Last year was an exciting year for lung cancer research with more U.S. Food and Drug Administration (FDA) approval decisions relevant to lung cancer than ever before.  So, what can we expect for 2019?  Another eventful year with researchers studying how to best give the approved drugs (i.e. what order and combinations) as well as expanding the options with more types of therapies.


First, there is the rapidly growing field of immunotherapy.  We have four approved immunotherapies called checkpoint inhibitors available in the U.S. for non-small cell lung cancer.  We have already seen approvals of these drugs combined with chemotherapy.  Can they be combined with other treatments, including other checkpoint inhibitors or other kinds of immunotherapy?  There is a lot still to learn about how to best give these drugs to patients plus there are other types of immunotherapy that are in development for lung cancer.  The number of clinical trials in this field has exploded as researchers aim to use these drugs most effectively for our patients.


Excitingly, we expect to see more immunotherapy options for small cell lung cancer this year too.  Last year, we had the first approval in over 20 years for small cell when an immunotherapy  was approved as a third-line treatment. Currently, the FDA is reviewing a promising immunotherapy-chemotherapy combination for first-line small cell treatment.  Unfortunately, with the current government shutdown the exact timeline for approval of this combination is unknown, but we anticipate that it will happen in the first half of 2019.  We are pleased to continue to see new advances for patients with small cell.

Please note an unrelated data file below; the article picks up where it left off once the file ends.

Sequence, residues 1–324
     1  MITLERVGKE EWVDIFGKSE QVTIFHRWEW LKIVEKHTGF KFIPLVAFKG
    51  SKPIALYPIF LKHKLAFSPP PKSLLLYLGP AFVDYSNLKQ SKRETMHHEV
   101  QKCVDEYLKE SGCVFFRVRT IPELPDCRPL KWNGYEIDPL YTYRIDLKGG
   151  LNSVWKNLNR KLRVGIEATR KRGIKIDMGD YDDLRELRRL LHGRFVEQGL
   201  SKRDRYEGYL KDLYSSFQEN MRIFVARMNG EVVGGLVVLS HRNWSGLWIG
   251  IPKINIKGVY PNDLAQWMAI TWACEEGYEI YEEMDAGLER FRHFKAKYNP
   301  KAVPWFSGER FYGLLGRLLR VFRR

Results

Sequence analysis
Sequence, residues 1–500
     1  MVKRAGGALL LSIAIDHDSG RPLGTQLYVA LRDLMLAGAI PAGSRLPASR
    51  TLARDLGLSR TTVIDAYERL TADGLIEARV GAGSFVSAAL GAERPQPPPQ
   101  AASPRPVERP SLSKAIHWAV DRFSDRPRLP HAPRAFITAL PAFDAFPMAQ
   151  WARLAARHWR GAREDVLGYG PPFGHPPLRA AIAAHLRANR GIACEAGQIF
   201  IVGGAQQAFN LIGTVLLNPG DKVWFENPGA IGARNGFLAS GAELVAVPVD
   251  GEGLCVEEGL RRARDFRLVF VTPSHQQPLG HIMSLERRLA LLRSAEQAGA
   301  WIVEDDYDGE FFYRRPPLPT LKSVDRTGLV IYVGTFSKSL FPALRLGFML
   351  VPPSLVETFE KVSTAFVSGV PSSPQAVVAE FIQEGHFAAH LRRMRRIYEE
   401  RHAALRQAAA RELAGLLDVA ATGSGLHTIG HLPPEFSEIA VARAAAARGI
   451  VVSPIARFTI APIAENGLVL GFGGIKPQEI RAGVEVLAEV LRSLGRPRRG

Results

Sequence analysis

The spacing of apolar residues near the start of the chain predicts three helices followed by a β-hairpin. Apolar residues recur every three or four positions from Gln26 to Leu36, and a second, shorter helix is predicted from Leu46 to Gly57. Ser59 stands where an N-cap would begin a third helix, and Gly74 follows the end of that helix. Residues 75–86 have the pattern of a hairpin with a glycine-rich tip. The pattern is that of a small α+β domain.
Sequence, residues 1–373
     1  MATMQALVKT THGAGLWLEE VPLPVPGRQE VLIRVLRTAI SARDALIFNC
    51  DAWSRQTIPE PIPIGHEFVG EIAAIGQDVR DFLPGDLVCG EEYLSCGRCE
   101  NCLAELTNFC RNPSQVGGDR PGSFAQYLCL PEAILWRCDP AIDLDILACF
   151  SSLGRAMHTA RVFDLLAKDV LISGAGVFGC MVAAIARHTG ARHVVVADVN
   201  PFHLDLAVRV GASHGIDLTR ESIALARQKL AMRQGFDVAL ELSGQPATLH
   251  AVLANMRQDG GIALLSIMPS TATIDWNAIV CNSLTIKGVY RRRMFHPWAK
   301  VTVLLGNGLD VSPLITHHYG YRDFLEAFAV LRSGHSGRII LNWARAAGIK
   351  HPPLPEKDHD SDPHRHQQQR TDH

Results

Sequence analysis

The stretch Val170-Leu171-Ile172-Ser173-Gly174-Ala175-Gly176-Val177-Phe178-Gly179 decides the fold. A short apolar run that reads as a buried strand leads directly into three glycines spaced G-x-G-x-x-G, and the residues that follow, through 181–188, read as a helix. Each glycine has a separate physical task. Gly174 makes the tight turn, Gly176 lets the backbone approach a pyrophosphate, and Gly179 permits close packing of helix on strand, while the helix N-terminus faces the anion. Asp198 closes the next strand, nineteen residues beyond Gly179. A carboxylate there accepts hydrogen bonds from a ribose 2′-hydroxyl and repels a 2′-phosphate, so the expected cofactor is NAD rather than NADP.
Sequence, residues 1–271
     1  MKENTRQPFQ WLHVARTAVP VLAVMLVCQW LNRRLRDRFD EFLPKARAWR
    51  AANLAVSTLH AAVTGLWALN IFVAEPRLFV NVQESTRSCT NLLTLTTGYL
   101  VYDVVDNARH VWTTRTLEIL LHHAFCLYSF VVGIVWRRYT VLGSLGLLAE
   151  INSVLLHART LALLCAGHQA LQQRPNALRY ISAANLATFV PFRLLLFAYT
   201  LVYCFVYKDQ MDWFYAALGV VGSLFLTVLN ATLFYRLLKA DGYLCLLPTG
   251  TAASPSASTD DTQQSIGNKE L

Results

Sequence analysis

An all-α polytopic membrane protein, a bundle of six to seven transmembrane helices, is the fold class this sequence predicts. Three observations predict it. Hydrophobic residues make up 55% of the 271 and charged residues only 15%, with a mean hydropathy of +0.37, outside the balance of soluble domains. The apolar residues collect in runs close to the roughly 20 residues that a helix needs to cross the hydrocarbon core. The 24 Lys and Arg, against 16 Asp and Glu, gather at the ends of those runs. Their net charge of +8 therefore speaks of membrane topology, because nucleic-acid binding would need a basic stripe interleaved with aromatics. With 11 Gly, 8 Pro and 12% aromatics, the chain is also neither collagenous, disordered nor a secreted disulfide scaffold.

Along with the immunotherapy advances, new research continues to expand the number of targeted therapies.  With the recent approval of larotrectinib for adult and pediatric cancers (including lung), we now have targeted therapies for patients whose cancers have gene changes in EGFR, ALK, ROS, BRAF or NTRK.  In 2019, we are closely watching exciting new drugs and research on changes in HER2, MET and RET as well!  All of these advances underscore the importance of molecular testing/biomarker testing of lung cancer so that the best treatments can be chosen for the patient’s specific cancer.

In summary, 2019 looks to be another big year for lung cancer research progress! The Science & Research team of Lung Cancer Alliance will continue to bring you the latest news from major medical meetings throughout the year.